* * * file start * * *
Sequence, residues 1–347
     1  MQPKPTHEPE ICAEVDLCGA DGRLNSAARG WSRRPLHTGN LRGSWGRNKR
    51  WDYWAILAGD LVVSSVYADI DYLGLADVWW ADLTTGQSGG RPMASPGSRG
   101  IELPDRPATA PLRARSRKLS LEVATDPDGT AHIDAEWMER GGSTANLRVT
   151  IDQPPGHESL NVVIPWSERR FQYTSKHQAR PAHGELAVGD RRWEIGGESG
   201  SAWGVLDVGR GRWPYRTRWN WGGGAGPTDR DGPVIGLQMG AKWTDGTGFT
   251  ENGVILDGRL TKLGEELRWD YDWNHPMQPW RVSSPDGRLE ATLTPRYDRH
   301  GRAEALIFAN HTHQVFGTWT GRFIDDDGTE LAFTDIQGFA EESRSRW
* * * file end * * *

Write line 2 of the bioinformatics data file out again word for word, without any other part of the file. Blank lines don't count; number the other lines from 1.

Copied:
     1  MQPKPTHEPE ICAEVDLCGA DGRLNSAARG WSRRPLHTGN LRGSWGRNKR